I get this from my mother. She has always loved Christmas carols but I remember her saying that after she became a Christian they started to mean more to her than they did before. She saw the deep truth in the words.

Our church doesn’t sing a lot of Christmas carols. As far as I’m concerned we could pretty much sing only Christmas carols they entire month of December. But apparently some people don’t like them. They find they boring, cliche, too hard to worship with, etc. I wonder if they’ve ever actually read the words.

Hark the herald angels sing
“Glory to the newborn King!

Peace on earth and mercy mild
God and sinners reconciled”

Joyful, all ye nations rise

Join the triumph of the skies
With the angelic host proclaim:

“Christ is born in Bethlehem”

Hark! The herald angels sing
“Glory to the newborn King!”

That’s the gospel and the Christmas story all rolled into one.

There is something magical about Christmas. Like the deeper magic that C.S. Lewis talks about in the Lion, the Witch and the Wardrobe. A God, born in a manger, appearing as a child. A child who came to save us all. It’s a beautiful mystery that is answered by the crucifixion and resurrection, and yet not quite explained. A father who gave up his only son to save a universe. This is what Christmas is about. The old Christmas carols embody this. They tell the story in the style of an epic tale using words that are both difficult to understand and yet too familiar, which is why some have trouble connecting with them.

O come, O come, Emmanuel
And ransom captive Israel

That mourns in lonely exile here
Until the Son of God appear

Rejoice! Rejoice! Emmanuel

Shall come to thee, O Israel.

 The prisoners have been bought back the debt has been paid, the promised one has arrived. How can we not celebrate? How can we not worship? If you don’t already, I invite you to really listen to the Christmas carols this year. Pick one or two and actually look up the words to all the verses. Read them through a few times and ask yourself what they are really saying. Make it your devotion. Make it your prayer. Worship at the edge of the manger as you do the empty tomb. Love has come to save us.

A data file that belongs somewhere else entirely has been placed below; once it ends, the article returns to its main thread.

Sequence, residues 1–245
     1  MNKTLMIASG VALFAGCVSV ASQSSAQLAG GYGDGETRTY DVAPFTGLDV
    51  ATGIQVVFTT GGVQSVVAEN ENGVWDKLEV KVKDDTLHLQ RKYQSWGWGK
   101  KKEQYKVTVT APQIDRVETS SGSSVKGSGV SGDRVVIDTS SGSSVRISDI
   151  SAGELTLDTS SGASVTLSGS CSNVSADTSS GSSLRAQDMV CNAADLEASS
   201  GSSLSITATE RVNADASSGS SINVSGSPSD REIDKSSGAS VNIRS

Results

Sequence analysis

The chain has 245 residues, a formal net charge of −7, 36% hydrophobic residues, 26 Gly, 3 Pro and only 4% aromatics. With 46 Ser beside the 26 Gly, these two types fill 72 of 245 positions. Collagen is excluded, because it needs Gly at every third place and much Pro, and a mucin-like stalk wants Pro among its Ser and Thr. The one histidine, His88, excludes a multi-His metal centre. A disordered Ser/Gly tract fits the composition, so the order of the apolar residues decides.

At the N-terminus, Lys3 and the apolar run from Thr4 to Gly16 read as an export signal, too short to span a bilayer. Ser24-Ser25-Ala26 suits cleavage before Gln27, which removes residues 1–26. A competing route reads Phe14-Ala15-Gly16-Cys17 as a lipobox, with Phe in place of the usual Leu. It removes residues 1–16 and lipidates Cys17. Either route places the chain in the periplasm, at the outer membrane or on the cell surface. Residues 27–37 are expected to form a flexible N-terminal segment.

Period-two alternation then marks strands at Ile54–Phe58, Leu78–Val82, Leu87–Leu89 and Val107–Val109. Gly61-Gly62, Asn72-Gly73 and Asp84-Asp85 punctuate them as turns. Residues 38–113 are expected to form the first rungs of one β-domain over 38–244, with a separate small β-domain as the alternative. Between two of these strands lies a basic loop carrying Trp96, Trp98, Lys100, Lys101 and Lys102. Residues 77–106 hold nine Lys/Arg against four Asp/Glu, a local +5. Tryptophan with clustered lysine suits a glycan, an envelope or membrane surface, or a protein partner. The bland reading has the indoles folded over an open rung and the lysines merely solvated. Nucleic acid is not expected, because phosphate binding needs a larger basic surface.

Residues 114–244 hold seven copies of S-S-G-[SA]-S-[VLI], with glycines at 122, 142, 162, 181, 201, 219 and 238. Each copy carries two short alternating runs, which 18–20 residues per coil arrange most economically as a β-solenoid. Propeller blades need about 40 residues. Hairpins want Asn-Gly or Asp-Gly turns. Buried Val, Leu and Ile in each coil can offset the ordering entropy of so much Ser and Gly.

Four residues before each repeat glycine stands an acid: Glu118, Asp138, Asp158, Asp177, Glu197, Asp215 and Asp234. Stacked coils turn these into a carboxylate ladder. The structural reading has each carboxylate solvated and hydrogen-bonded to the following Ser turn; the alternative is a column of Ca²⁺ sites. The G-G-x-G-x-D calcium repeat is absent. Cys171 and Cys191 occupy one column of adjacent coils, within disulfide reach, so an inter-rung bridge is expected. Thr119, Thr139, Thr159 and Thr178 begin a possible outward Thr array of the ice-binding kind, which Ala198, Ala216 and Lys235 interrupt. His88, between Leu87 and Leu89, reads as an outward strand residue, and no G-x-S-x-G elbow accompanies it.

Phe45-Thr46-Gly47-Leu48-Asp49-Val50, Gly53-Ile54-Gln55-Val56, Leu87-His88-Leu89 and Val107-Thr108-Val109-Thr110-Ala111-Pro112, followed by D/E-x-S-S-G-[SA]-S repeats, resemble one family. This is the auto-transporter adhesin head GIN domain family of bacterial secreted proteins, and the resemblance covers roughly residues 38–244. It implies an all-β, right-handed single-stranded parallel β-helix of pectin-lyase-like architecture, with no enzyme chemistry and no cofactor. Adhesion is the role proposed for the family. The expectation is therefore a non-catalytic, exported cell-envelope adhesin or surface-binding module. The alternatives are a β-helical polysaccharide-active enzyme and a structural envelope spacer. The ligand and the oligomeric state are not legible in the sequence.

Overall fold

Joy to the world, the Lord is come!
Let earth receive her King;
Let every heart prepare Him room,
And Heaven and nature sing,
And Heaven and nature sing,
And Heaven, and Heaven, and nature sing.

Celebrate Advent: Incorporating Service, Generosity and Gratitude

We’ve been talking for the last few days about ways to celebrate Advent with your family and I’d like to add one more suggestion, employing acts of service. In the devotional that my family used for most of my childhood, during the last week of Advent we each randomly picked a name of another family member from a hat and then did secret acts of service for that person until Christmas Eve when we each revealed whose name we had drawn. This was a very simple way to encourage acts of service and it worked well, even as children. I think it is a great place to start. I think that so much about Advent and overall Christmas can be about us. First we have the materialism of our culture that is focused on eating and buying and acquiring rather than gratitude, generosity and service. Even within Christian celebrations it can still be very personal. Jesus came for me, because God loves me. That is a good thing to remember. But what is even more important is that we are to extend the gift. Jesus is God’s gift to us and we are called to share his love and the gift of salvation with others.


I suggest an outward in approach to the process. Begin Advent by focusing on others, perhaps in another area of the world. This year my family and I are considering a donation to Gospel for Asia’s Christmas Critter Project or Heifer International. My daughter is excited about providing a family (maybe one with a little girl like her) with access to food and education via a goat or sheep.  My daughter’s Awana’s group participates in  Operation Christmas Child. I think it’s great to start Advent by focusing on others who have less than we do.